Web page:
Long ago in China, there lived a monk who perched in a certain tree everyday to meditate. No matter if the tree swayed in fierce winds and rain, the monk settled himself comfortably, high up in the branches. Because of this, he was nicknamed “Birdsnest” by the village folk nearby.
Many of these villages passed beneath the monk while hunting or while gathering wood in the forest, and after a time, they grew used to him. Some began to stop and talk of their concerns with Birdsnest. They liked the things he had to say, and soon Birdsnest become known for his kind and thoughtful words.
After some years, the monk’s wise reputation spread throughout the province. Visitors from distant cities hiked to the remote forest for advice. Even the governor of the Provence decided that he too would like to visit Birdsnest to discuss matters of importance. So one spring morning, the governor set off to find him. After travelling for several days, he at last located Birdsnest’s tree in the dense forest. The monk sat calmly, high in the topmost branches, enjoying the warmth and the birdsong of spring.
Looking up, the Governor shouted, “Birdsnest! I am the governor of this Provence, and I have come a great distance to speak with you! I have a most important question!” The governor waited for a reply but heard only the pleasant sounds of leaves stirring in the breeze. The governor continued, “This is my question, tell me, Birdsnest, what is it that all the wise ones have taught? Can you tell me the most important thing the Buddha ever said?” There was a long pause – just the soft rustle of leaves again.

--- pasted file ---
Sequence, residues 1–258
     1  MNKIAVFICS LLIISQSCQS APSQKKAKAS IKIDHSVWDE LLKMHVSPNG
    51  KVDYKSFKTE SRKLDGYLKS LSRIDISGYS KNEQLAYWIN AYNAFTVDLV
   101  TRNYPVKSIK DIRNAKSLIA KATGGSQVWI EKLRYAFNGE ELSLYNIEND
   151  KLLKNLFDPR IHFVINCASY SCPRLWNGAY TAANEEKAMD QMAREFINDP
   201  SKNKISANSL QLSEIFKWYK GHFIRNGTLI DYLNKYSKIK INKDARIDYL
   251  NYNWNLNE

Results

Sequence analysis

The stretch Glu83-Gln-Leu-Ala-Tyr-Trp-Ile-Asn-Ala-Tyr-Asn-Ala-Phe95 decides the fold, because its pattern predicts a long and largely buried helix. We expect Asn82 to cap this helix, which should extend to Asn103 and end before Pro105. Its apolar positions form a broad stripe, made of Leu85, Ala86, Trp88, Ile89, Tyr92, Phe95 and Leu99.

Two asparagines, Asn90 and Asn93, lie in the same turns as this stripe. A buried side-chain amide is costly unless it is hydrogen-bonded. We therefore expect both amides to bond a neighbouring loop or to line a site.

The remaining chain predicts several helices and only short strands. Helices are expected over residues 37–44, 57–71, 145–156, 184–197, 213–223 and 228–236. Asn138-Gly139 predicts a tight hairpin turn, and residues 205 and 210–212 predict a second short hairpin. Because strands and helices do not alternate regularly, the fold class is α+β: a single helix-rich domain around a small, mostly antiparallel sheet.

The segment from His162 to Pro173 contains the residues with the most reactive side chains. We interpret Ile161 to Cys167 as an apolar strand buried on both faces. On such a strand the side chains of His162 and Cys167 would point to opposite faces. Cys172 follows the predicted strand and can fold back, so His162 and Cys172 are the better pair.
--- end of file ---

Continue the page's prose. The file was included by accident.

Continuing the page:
Finally, the monk called down from the tree: “This is your answer, Governor: Don’t do bad things. Always do good things. That’s what the Buddha’s taught.”
But the governor thought this answer far too simple to have walked two days for! Irritated and annoyed, he stammered, “Don’t do bad things; always do good things! I knew that when I was three years old, monk!”
Looking down at the governor, Birdsnest replied with a wry smile, “Yes the 3-year old knows it, but the 8-year old still finds it difficult to do!”
When it feels difficult to do good things, remember to seek the 3-year old within that Birdsnest referred to. Give yourself the gift of hearing thoughts from a time before conditioning was deeply embedded.
Realise the existence of the unknowable and ecstatic aspect of your existence. Know that this Divine element is an intrinsic part of yourself. Begin trusting your underlying nature by becoming conscious.
Why am I telling you that story – one, because I like it. Two, because it is about doing the right thing by yourself and by others, don’t let excuses get in the way.
“Be an inspiration to yourself and
you will be an inspiration to others.”